Photography News Issue 70

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and last, but certainly not least, portraiture and street photography. That variation in events is great, for which I use full-frame Nikon DSLRs with several lenses, adding off- camera speedlights or studio strobes whenever required. DSLR systems are very capable, well-rounded and will be available for some time to come, but mirrorless does offer several compelling advantages and I’m sure it’s the future. I’ll jump in that direction soon, but I’m not investing before some serious consideration. This opportunity to shoot with the GFX 50R and two GF lenses was very timely. The main criteria for any replacement system are, of course, fit for my own purposes but, with so much on the market, where to start? My first consideration is sensor size and, having already tried three brands covering Micro Four Thirds, APS-C and full-frame mirrorless cameras, testing a high-end medium format camera with some exceptional glass has completed that task, covering all the relevant options. Of the mirrorless cameras I’ve previously handled, I was happiest with the Fujifilm X-T3, so the obvious test drive of a digital medium format body was a FujifilmGFX. Of the three cameras in that range, 50 megapixels fits my needs better than 100 megapixels, and the 50R suits my budget better than the 50S, so that was a straightforward decision. Conversely, homing in on just two lenses proved trickier. My current comfort zone is my three f/2.8 zooms (14-24mm, 24-70mm and 70-200mm)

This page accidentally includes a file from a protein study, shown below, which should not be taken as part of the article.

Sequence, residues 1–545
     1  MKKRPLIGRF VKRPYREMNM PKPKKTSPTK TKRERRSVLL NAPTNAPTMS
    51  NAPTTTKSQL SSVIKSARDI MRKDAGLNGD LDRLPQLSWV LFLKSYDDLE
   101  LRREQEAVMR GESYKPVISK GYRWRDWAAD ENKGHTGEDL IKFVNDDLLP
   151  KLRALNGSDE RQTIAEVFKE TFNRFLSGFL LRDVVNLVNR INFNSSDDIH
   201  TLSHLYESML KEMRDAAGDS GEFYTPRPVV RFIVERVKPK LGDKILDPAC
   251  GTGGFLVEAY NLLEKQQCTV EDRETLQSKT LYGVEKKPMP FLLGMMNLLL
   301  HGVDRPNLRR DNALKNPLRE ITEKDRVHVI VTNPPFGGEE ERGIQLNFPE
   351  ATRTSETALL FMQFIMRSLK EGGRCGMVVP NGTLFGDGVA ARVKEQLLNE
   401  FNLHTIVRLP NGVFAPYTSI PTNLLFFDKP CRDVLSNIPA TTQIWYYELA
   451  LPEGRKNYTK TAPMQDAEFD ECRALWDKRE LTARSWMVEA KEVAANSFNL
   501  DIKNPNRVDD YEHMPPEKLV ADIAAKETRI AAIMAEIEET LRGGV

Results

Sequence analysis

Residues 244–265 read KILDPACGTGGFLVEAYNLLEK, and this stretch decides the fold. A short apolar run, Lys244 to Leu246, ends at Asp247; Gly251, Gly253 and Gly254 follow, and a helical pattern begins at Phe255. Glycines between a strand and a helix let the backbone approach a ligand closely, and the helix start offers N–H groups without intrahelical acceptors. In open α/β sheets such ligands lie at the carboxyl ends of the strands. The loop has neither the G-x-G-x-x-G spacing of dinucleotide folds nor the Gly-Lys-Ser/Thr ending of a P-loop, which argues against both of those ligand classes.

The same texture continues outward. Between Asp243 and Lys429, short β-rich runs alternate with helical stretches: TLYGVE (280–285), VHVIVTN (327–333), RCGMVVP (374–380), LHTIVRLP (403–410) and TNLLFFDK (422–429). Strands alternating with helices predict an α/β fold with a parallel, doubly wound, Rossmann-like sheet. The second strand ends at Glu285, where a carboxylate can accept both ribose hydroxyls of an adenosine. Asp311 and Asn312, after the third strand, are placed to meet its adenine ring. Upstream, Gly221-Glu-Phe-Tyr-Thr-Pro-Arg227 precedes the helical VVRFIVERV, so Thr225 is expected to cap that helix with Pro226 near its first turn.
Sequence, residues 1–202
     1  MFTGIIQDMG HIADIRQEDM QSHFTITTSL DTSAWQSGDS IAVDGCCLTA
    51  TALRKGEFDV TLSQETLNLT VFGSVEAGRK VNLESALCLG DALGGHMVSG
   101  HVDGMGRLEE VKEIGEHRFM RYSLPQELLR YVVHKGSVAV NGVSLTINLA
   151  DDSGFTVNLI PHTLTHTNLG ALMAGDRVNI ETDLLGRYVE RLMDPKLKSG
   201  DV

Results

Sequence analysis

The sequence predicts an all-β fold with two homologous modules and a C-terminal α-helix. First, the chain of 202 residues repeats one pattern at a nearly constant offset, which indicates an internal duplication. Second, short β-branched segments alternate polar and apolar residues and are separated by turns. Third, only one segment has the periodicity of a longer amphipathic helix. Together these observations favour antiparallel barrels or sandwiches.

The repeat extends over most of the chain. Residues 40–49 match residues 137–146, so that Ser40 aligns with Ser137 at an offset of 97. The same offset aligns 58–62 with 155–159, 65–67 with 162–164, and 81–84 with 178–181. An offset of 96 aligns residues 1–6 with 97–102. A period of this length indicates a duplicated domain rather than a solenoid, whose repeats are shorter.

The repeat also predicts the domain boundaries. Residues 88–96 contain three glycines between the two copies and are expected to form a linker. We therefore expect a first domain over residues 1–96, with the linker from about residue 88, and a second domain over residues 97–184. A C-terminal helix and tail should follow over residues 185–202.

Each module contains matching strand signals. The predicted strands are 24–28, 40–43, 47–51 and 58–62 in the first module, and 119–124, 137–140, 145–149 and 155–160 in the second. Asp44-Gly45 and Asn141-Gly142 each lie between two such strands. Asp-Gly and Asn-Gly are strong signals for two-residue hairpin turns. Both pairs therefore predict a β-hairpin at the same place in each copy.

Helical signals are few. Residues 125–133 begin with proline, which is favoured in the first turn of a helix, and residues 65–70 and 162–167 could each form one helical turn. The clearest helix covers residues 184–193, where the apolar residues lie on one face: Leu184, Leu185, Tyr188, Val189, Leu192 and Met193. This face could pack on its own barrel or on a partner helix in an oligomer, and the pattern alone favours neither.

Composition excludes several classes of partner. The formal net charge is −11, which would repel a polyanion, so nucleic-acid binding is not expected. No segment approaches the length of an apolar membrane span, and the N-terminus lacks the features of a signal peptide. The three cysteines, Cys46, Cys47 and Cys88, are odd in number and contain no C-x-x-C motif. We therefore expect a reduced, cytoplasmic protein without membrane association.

plus a couple of fast primes, but this project was different and I eventually opted for the wide-angle GF23mmF4 R LMWR prime alongside the GF100- 200mm F5.6 R LMOIS WR zoom. I expected to spend most of the time with the zoom lens, but the 18mm equivalent prime was such a delight it was on the camera most of the time. I decided to shoot a series of cityscapes, architecture and some quite special machinery and, rather than random images, I tested the GFX 50R in deliberately challenging lighting conditions. The city scenes and architecture were taken in my home city of Winchester and in London, shot in a mix of daytime, nighttime, indoor and outdoor conditions at locations where I’ve previously shot successful images. The first thing I noticed about the GF23mm lens was the apparent lack of any lens distortion and, once the images were checked on a high-resolution monitor, that was fully confirmed. The 0.79x crop factor didn’t take long to sink in and although this camera/lens combination isn’t one for shallow depth-of-field shots, I did manage one! I feel the camera is built for high fidelity rather than high speed, and the bright viewfinder really helped compositions, particularly with my personal predilection for symmetry. That deliberate shooting routine was complemented by the live viewfinder histogram, allowing simple dialling-in compensation for ‘right first time’ exposure. I found this a big benefit over my usual DSLR technique of estimating compensation, shooting, checking, refining and reshooting. Other than for deliberate long exposures, I rarely use a tripod and am happy shooting handheld, dialling up the ISO as necessary. Having read that good technique is more important for high pixel count sensors, I was a little wary in low-light conditions, but after pixel peeping my initial captures, this wasn’t a problem. In fact, quite the opposite. The

32 Photography News | Issue 70

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